Dance, plants, and climate

© Michael Eisner

Dance, plants, and climate

Uncovering the co-dependency of well-being

In ihrer Arbeit erforscht Elda Gallo die Wechselbeziehung zwischen Menschen und anderen Lebensformen. Ihre Performance "2070" ist unter anderem von Pflanzen inspiriert und untersucht die Gemeinsamkeiten zwischen der Art und Weise, wie Pflanzen funktionieren, und den Grundlagen des zeitgenössischen Tanzes.

Your work explores the relationship between humans and other forms of life. You play with the tension of disharmony and mutual reliance. How did you research this concept of co-dependency in dance and what did you discover?

Elda Gallo: The term co-dependency can have a negative connotation, but it can be seen as synonymous to mutual support. In fact, it is co-dependence of well-being. Even if we sometimes fall into the illusion of independence and separation, we know that the existence of the different life forms on the planet are only possible because of the existence of other life forms. so not only is our well-being related to the well-being of other species, but also our own existence.

Therefore: could the climate crisis be experienced as a definitive opportunity to learn that oppressing the other means oppressing oneself?

I am curious about translating mutual support into physical support by using the contact between bodies. and how this creates third structures, creatures, and relationships.

In the performance, in the same way that we use physical contact to create support, we use it to create oppression.  What happens if support becomes oppression, and what is the cause that leads us to oppress the other?

In my research, I ask whether the cause that leads us to oppress the other comes from traumas, by researching the correlation between individual and collective trauma and the Anthropocene and thus the climate crisis.

Alina and myself are at the beginning stages of this research, so for now I have concentrated with her on recreating images that I associate with this theme. What we see in the work so far is simply that, if the body is open and does not need to defend itself, harmony and support are created.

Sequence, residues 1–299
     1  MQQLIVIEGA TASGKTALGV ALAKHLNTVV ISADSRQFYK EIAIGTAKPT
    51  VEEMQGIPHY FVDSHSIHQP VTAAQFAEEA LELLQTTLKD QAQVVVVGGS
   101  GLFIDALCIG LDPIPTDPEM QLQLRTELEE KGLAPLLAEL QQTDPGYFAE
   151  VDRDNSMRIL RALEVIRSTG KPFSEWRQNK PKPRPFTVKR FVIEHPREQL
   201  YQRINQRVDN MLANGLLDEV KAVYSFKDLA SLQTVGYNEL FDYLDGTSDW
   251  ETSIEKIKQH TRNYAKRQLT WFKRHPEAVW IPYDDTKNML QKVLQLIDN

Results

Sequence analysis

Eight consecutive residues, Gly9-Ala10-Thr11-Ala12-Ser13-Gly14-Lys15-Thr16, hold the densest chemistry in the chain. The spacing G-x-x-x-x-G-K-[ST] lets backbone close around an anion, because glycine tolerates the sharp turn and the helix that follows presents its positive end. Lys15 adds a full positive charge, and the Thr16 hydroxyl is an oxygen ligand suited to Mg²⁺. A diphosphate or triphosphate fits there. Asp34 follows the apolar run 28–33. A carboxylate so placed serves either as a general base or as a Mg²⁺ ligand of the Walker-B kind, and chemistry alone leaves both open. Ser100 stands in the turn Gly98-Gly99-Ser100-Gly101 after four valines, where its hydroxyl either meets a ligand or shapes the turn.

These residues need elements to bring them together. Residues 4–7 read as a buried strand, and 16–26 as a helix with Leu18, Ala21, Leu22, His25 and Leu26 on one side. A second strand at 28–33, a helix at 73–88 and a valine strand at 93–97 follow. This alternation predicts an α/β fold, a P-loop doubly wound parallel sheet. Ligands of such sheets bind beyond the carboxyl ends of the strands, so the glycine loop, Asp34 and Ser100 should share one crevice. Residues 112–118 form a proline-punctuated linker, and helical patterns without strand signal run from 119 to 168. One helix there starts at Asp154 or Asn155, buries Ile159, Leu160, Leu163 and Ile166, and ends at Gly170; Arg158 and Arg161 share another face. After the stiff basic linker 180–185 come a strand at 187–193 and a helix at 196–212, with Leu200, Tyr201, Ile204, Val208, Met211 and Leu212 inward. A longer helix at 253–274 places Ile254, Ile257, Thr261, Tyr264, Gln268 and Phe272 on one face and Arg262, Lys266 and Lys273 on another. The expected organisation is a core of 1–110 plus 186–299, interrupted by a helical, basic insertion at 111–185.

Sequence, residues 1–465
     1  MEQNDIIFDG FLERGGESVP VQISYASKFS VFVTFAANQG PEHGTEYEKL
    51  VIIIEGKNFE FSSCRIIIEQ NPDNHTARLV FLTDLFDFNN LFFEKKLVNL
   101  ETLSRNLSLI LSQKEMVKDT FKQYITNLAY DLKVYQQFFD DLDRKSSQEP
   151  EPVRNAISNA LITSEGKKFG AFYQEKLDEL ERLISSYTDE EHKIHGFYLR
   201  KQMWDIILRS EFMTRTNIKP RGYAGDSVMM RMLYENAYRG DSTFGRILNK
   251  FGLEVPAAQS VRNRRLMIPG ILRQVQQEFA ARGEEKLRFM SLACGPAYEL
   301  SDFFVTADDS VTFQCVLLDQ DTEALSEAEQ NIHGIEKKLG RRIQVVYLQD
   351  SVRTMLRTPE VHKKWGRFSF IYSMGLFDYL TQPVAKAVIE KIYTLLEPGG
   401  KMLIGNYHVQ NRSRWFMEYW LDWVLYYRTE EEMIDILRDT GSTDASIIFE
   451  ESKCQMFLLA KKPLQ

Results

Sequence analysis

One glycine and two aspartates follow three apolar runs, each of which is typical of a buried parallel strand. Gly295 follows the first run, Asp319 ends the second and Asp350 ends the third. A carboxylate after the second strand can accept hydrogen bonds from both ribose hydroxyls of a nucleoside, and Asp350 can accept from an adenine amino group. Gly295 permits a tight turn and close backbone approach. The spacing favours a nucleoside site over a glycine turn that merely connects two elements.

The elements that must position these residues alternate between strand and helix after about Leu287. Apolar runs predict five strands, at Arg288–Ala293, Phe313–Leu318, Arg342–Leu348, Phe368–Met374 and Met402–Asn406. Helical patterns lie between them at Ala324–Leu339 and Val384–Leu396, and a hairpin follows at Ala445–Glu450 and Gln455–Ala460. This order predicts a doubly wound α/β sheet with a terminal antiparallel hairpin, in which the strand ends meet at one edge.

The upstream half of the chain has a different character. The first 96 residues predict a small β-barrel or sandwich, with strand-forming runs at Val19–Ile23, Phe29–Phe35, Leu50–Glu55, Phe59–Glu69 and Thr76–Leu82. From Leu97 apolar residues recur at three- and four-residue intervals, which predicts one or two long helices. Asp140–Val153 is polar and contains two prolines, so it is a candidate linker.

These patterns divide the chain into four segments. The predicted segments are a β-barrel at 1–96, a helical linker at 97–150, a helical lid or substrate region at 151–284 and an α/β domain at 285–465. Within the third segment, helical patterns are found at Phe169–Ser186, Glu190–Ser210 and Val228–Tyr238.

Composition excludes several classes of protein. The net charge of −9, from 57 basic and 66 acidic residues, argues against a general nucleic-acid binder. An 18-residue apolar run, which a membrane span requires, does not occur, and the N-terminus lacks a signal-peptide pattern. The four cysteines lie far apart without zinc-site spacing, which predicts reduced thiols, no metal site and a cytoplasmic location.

If, on the other hand, there is tension within the body, it will lead to defense and/or attack, and disharmony is created.

You say that the piece 2070 (work in progress) is inspired by plants. Can you specify characteristics that resonate in your performance?

Elda Gallo:  When I got to know the way Mancuso describes plants and tried to embody them, I discovered that his description of plants corresponds to some fundamental approaches of contemporary dance, such as: trying to feel the whole body at once, or trying to interact with the space around us and with others. So, I started from there, from what I know and what dance practice has in common with the structural characteristics of plants.

For the performance we focused on the above, trying, as Mancuso describes, to see, feel, breathe, communicate, and understand with the whole body.

 To do this, we have to address the body as a structure that does not depend on a single centre that prevails over the others, but moves with and around different centres of command, which are: in our body, in the body of the other and also between bodies. This approach creates an anti-hierarchical system. 

The performance 2070 can be experienced as both: apocalyptical and recreational. Do you consider your piece as primarily motivated by fear or by hope? Given that it is a work in progress, does your response remain consistent over time?

Elda Gallo: I believe that they are both driving elements holding hands. But I guess that if I didn't feel hope, I wouldn't address the issue.

Actually, more than fear I feel anger and bewilderment at the lethargy of actions and changes we should be implementing. This, too, leads me to the need to face the discourse and ask myself questions about the causes of this phenomenon.

I see the climate crisis as proof that something is systematically problematic in the way we function. But I also see it as an 'opportunity' to ask questions of ourselves as human beings. There have always been catastrophes in human history, but what is interesting to me, in this case, is the deadline. The climate crisis is a focal point for asking ourselves what our priorities are as a species. We have created a problem that sabotages us and brings us to a crossroad: change how we operate or choose not to care about the future and probably go extinct.

I do not have an answer to your question that remains consistent over time, but maybe rather a question:

What factors determine whether we care about a problem or not?

How did your research influence your perspective on life? (not yours per se but the form of life in general)

Elda Gallo: I do not know how my perspective on life has changed, but I do observe how dualism and separatism such as those between:
god — human
man — woman
human — animal
culture — nature
where one side asserts power over the other, leads to dynamics of oppression.

An oppression that I believe ultimately led up to the climate crisis.

Elda Gallo: 2070 (work in progress)

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